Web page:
Q162 Mr Curry: It is also much more difficult in sheep if they are spread out over the fells, as we know for the purposes of claims.
Sir Brian Bender: That was one of the issues in 2001 when the animals were up on the fells. The issue was not what happened when they were up there because it could not spread any further, the issue was what would happen when they came down and when it would then spread.
Q163 Mr Curry: Have we now got an adequate record of digital maps of where agricultural holdings are? The reason I ask is in my constituency Defra seemed to have this view of farms all being in one place with a hedge around them and an entrance and an exit and a farmhouse, it was all slightly like Alice in Wonderland or Marie Antoinette, and yet in my constituency you can have a holding spread over seven or eight separate locations. There was a problem there. Some farms turned out to be spread all the way offshore. Are we sure we know where they all are?
Sir Brian Bender: I am very conscious from previous hearings of this Committee about the issue of farms being identified as in the sea. The Land Register that we have is being used this year by the Rural Countryside Agency for the Single Farm Payment. There has been a process of confirmation and ratification by farmers, of which there is a backlog, but very significant progress has been made on that.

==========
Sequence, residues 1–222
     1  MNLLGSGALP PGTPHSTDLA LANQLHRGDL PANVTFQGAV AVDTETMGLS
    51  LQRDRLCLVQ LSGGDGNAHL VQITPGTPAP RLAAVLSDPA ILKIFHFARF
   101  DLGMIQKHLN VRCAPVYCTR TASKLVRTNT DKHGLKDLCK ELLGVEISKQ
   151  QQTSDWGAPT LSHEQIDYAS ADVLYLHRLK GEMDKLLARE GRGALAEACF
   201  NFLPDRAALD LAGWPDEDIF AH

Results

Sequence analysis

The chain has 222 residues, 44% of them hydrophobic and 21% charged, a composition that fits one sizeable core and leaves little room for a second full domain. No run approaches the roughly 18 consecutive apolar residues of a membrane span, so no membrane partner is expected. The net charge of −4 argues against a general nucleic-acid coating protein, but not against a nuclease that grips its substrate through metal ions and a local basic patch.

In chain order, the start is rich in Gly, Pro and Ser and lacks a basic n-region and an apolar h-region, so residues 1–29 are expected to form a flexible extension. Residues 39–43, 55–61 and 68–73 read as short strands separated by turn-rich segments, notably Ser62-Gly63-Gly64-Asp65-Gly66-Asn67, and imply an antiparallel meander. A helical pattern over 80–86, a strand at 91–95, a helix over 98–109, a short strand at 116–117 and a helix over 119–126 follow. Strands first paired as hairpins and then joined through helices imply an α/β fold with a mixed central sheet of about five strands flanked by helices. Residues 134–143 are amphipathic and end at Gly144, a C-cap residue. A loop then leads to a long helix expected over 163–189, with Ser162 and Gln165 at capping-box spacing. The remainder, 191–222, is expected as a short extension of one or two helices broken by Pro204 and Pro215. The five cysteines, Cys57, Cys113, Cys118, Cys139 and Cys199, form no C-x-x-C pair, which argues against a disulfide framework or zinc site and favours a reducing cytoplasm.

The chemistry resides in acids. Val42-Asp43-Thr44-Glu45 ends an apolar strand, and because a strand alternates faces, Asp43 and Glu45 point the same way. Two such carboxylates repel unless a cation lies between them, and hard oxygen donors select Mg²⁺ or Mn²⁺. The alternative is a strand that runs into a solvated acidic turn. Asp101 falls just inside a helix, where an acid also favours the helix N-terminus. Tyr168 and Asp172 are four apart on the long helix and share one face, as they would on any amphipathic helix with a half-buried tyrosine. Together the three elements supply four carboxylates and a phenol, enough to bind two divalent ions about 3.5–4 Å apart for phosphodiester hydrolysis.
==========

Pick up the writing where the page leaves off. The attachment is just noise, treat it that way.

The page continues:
Q164 Mr Curry: Could I just come back to the vets for a minute. We talked about contingency plans in terms of the overall structures but what plans are there to mobilise vets from beyond the State Veterinary Service, because it is obviously a fairly tight service and you would need to deploy people from outside? What are the contingency plans there?
Ms Stacey: That is right. We have got about 290 vets employed in the Service at the moment and about six temporary veterinary inspectors as well, so our numbers are up on what they were in 2001. We have got them freed up now from the management tasks that were burdensome in 2001, so there is more resource there actually applied in the field. We have also got arrangements in place to use vets from the Veterinary Laboratories Agency and we have got some 19 centres around England that we can tap into. As you know, we work with some 7,000 private veterinarians and we would call upon them, as we have done in the past. Currently, we are piloting arrangements to develop a cadre of private vets trained in specific emergency response roles. That is going on at the moment in four of our offices.